Sponsor-paid planned research coordinator augmentation
Another area where institutions have implemented creative solutions is in timely submission of clinical research data. Timely review of clinical data is necessary to determine efficacy and safety of the investigational product. Delays in data entry could snowball when research coordinators are stretched thin or are unavailable. Therefore, certain sponsors are now cover outsourcing expenses beyond those negotiated in the budget, to ensure timely access to safety data. While this is often done at the outset of a trial; it may be added when pandemic-related interruptions make it necessary to add mid-study.
This strategy requires a change in thinking. At the outset, a research site may unfortunately assume that receiving the “help” is an indication of personal failure or lack of trust by the sponsor in the site. They may refuse the resource and believe “we can do it on our own”, only to accept the help once they are unable to meet new demands on the site. Whereas sponsors primarily invest in the sites that they trust have the study population and have a high potential to succeed in trial execution.
Ad hoc services for unplanned disruptions
As institutions grappled with decisions about how best to sustain, reopen, and continue research, workplace safety, the health of their workforce was of paramount importance. The Occupational Safety and Health Administration (OSHA) received thousands of complaints about coronavirus-related safety concerns – the majority of which have come from healthcare workers6. In other words, employees fear for their safety.
While disaster plans cover a multitude of contingencies, and some may include outsourcing certain activities, when is the right time to trigger that help? How do institutions decide when to augment their staff with outside resources? Sponsors might consider providing additional funding mid-study for these resources as an “insurance policy” on their investment. But research centers also considered proactive solutions as an insurance policy for their own business sustainability beyond the pandemic.
With this in mind, research leaders established agreements for ad hoc resources within their departmental budgets for the current pandemic-related need(s), and as part of their go-forward strategy. This strategy gave research leaders the ability to utilize their staff’s talent on areas that require higher expertise instead of distracting them from important obligations. This change speeds completion of the unplanned work as the new resources is 100% on task instead of splitting time with other responsibilities. And time matters – whether it is to make a study available to participants, to communicate COVID-19 related amendments, or to update location changes in consent forms across hundreds of trials. A pre-set contingency plan that includes a budget for “unplanned disruptions” helps ensure smooth ongoing revenue generating research activities.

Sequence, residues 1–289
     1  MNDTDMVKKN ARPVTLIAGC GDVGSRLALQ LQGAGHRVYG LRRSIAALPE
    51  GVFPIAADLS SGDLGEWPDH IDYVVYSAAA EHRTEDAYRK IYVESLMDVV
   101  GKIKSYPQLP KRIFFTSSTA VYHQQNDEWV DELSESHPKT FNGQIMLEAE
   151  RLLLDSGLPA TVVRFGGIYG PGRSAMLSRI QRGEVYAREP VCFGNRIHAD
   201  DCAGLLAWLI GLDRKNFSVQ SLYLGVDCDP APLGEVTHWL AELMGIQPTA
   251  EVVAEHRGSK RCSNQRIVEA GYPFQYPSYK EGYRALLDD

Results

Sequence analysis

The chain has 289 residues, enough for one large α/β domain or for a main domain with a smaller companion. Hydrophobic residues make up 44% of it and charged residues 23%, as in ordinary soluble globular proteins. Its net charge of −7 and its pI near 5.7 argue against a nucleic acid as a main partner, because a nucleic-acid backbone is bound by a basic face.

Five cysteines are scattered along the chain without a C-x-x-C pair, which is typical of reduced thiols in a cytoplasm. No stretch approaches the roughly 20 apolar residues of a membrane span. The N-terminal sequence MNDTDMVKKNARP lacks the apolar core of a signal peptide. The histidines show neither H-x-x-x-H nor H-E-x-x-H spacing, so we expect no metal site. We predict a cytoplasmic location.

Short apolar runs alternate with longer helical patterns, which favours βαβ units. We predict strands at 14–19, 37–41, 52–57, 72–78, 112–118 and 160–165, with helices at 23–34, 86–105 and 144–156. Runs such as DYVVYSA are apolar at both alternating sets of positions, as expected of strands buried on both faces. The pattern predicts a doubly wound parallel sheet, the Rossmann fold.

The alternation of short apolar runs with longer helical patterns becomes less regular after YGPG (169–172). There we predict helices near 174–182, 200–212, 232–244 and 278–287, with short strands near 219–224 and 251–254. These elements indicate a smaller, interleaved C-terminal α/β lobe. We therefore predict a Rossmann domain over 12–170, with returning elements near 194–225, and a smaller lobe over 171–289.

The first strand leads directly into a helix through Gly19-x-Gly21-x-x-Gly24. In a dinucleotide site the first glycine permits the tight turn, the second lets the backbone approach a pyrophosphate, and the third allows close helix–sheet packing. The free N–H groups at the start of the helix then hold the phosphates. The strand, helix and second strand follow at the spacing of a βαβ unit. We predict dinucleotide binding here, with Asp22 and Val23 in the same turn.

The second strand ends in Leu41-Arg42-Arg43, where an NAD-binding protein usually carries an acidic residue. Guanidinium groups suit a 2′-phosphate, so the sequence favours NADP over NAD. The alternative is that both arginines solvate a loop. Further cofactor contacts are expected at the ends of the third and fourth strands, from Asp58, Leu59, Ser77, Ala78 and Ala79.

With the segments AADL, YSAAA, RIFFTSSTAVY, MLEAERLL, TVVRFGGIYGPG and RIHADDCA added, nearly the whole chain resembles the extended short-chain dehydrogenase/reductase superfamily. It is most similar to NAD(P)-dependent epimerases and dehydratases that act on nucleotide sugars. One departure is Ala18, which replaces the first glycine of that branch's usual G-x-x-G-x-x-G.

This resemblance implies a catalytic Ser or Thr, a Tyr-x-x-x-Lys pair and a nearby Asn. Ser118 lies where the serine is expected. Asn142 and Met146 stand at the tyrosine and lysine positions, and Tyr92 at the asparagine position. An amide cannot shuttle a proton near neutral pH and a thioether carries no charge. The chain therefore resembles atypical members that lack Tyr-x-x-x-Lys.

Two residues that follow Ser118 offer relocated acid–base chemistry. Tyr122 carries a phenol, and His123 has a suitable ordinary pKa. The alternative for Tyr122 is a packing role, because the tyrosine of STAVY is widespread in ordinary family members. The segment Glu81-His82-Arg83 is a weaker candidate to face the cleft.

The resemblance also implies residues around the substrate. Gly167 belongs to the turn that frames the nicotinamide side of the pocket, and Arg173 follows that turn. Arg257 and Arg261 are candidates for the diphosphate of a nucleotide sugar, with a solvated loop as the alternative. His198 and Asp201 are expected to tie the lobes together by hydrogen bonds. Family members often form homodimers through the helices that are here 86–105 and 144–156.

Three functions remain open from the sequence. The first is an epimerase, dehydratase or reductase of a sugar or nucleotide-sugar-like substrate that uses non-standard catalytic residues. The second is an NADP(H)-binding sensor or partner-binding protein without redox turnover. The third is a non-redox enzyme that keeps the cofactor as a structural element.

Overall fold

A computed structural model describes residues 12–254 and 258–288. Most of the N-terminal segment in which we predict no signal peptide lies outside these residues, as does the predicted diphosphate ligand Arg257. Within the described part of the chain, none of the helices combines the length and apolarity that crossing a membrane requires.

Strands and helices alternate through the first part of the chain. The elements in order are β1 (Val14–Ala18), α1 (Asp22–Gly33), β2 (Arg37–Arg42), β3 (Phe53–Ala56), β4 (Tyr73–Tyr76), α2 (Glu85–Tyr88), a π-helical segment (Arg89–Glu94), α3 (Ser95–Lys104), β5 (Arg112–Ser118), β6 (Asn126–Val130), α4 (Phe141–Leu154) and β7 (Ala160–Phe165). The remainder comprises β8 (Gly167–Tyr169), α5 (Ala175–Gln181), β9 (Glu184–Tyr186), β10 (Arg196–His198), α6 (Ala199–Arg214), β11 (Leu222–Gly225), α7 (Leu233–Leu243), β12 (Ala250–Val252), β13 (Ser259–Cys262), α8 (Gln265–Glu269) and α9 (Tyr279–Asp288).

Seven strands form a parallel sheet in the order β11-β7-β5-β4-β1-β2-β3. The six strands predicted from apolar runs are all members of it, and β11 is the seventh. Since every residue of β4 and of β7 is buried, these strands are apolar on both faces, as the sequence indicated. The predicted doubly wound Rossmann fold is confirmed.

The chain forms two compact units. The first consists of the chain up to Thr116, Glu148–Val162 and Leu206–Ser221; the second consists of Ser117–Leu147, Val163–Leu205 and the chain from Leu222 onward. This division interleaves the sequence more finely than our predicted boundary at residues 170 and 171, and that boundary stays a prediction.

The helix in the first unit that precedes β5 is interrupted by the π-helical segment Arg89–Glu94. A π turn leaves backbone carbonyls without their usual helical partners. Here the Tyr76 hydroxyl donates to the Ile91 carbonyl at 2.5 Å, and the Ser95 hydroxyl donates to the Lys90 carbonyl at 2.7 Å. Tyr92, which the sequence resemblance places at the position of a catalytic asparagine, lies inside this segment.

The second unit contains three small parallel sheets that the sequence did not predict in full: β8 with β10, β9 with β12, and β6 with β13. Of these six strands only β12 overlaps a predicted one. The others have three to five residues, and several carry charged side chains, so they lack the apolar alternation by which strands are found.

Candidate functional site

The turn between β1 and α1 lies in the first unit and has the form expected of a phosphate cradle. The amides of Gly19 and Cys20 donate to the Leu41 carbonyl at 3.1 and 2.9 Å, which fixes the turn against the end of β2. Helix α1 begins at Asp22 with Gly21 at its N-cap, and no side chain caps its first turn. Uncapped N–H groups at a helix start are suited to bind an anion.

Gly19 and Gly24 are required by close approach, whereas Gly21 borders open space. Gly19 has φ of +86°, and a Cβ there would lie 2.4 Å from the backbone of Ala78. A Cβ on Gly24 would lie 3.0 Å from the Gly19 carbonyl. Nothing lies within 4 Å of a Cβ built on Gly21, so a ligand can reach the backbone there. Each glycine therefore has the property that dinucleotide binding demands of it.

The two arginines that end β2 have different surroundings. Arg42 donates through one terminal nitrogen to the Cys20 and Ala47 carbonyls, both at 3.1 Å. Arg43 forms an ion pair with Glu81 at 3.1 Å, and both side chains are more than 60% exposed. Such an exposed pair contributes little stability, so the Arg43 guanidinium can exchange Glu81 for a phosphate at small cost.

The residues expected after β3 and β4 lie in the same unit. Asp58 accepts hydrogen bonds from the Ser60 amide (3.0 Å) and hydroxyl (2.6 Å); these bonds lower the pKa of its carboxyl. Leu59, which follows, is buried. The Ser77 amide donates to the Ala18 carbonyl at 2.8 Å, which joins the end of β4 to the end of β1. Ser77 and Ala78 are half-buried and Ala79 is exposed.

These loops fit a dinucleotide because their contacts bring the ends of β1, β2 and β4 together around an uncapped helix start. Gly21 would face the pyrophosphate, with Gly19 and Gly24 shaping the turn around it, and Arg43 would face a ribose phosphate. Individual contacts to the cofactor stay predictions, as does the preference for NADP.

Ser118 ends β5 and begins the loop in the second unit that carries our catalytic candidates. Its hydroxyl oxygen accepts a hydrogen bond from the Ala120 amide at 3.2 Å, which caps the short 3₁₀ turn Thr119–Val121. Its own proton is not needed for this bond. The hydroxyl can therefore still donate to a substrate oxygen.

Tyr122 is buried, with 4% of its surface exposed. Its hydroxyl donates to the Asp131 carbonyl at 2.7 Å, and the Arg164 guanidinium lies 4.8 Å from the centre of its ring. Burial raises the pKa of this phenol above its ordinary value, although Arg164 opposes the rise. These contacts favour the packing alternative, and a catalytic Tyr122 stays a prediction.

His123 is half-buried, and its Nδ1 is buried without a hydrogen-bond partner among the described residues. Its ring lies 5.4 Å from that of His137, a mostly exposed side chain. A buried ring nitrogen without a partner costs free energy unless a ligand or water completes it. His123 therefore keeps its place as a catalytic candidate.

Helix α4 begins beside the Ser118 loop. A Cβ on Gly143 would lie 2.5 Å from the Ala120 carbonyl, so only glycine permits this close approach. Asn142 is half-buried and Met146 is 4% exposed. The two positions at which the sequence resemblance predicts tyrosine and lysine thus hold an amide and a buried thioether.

The pandemic as a catalyst to drive technology changes
Institutions are removing layers of bureaucracy surrounding access to appropriate technology and data, while still ensuring integrity, ethics and compliance. From securing remote access to electronic health record, to implementing electronic regulatory binders, econsent, clinical trials management system supported patient portals, and more, the pandemic has served as the catalyst to secure changes faster at some institutions. The inclusion of virtual visits, adapted consent process, and access to data to appropriately monitor the study are vital (at minimal) when in-person visits are not feasible. The ability to implement technology changes or expand use of the technology (if they already used it) had a significant impact on the ability to continue research activities and continue generating revenue.
Diversity and Inclusion Practices for Financial Success
The realization that failure to recruit Black and Latino people into clinical trials at the same level as they are affected by the disease could delay progress and potentially approval of a COVID-19 vaccine5 is concerning. Institutions are questioning their hiring practices and the representation of minorities across the life cycle of research. Do the investigators and research staff include people that look like the patient population they serve? Do the IRB office and its committee members reflect the diversity of the community? Does the DSMB, student body, biosafety committee, etc. include the voice of those that have historically been disadvantaged in the US? Ensuring minorities are part of the entire clinical trial process is not only the right thing to do, but also secures financial sustainability in research as sites with high minority enrollment will be sought after by sponsors who seeks equity in racial representation across their trials. Sponsors will cover expenses of enrollment assistance, beyond the negotiated budget, to support a study specific strategic plan that boosts enrollment. There is no one-size fits all solution to increase diversity in clinical trials, as regional and population varies across the US, but at minimum, institutions are evaluating representation across clinical trials and exploring multiple solutions – both internal and external – to increase diversity in participation and their financial success.